But there's no getting away from the fact that the main draw for many visitors is the wide selection of world class beaches dotted around the island's 27-mile coastline. Having access to a car makes it so much easier to find a beach you will love. One of the more secluded beaches can be found at Maratha, where it is often quiet enough to hear the ripples of the crystal clear water.

Longer drives

On such a small island, most drives will not take too long. However, there are some great day trips for visitors to enjoy. Head over to Skiathos Town and its historic port and you can catch a ferry out to the nearby island of Skopelos, which provided the backdrop to the movie Mama Mia.

The main settlement, Skopelos Town, was honoured as being a Traditional Settlement of Outstanding Beauty in 1978, meaning that there is a noticeably strong identity to the local architecture and culture. Combined with a number of wonderful beaches and characterful tavernas, a hop over to Skopelos is a great way of enhancing your visit.

Those wanting to stay in Skiathos are not exactly faced with limited choices. Koukounaries is 17km southwest of the island's capital and contains a lagoon along with a wooded peninsula containing a Stone Pine forest that provides a buffer with the Aegean Sea. Koukounaries Beach is also a big hit with sun worshippers, although it is often less crowded than some of the other locations on the island.

Top Attractions in Skiathos

With the freedom of being able to get around the island in your own hire car, there is no limit to the number of sights you can enjoy, no matter what your taste.


This tiny peninsula separates Skiathos Town's port into two parts. It was once a fort, built by the Gizi brothers, who ruled over the island back in 1207. It was once bordered by impenetrable walls with two towers to the left and right of the main gate. Archaeologists have claimed there may have once been a church inside the fort dedicated to Agios Georgios, who was the guardian deity of the Venetians. Now, the area is awash with pine trees, which provide a refreshing edge to the ruins of the old fort. The old primary school has been turned into a cultural centre, while there is also summer theatre that hosts musical performances.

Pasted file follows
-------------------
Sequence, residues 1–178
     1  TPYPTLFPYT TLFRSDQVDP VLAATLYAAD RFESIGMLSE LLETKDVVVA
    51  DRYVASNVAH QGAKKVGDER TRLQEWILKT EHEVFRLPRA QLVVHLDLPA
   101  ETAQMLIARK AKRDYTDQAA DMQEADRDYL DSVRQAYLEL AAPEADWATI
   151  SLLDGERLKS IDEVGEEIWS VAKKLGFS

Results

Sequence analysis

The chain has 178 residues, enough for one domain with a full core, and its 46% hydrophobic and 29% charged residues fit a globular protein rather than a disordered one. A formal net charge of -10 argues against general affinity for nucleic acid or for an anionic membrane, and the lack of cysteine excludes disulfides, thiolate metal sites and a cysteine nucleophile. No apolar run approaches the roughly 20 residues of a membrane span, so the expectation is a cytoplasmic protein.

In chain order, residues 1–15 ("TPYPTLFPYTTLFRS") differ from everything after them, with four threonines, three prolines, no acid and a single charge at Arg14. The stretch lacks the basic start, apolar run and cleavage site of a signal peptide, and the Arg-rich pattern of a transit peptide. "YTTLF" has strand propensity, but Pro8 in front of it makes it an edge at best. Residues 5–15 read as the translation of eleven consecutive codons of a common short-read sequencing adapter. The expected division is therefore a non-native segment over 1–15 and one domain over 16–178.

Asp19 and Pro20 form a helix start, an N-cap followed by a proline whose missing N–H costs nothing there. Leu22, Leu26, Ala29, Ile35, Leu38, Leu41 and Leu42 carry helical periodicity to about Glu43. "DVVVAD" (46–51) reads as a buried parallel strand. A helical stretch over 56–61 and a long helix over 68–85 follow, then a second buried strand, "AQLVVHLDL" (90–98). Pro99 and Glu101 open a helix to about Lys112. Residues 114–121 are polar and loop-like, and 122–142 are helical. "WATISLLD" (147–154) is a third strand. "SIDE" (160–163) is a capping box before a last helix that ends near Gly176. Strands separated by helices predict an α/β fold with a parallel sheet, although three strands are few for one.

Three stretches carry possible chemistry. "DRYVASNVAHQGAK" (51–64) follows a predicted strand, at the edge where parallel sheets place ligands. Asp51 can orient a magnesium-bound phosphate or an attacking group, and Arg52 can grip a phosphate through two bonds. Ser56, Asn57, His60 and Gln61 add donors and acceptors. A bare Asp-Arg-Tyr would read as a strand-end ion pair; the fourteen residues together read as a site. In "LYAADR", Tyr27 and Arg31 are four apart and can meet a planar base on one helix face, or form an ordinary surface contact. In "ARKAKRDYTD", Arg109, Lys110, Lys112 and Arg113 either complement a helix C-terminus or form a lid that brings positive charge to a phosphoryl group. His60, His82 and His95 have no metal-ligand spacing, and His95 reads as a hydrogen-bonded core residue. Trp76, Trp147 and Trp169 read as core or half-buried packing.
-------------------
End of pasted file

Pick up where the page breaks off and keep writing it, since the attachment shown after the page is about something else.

Medieval Castle

Head over to the north side of the island to Lalaria and you will find the Castle of Skiathos. Situated in an old Medieval town on a rocky cliff, visitors to this site will be treated to the historical remains of churches, walls and baths, and even a trademark drawbridge. It all makes a visit to the Castle a memorable experience.

House of Alexandros Papadiamantis

The house of Greek writer Alexandros Papadiamantis is one of the most prominent sites in the whole of the island. Situated in Skiathos Town, the house was built by the author's father, who was also a priest. Featuring simple decorations, it contains only a few pieces of furniture and some family objects. Following the death of Papadiamantis in 1911, the house was declared as a preserved monument by the Greek Ministry of Culture, until it was bought by the local government.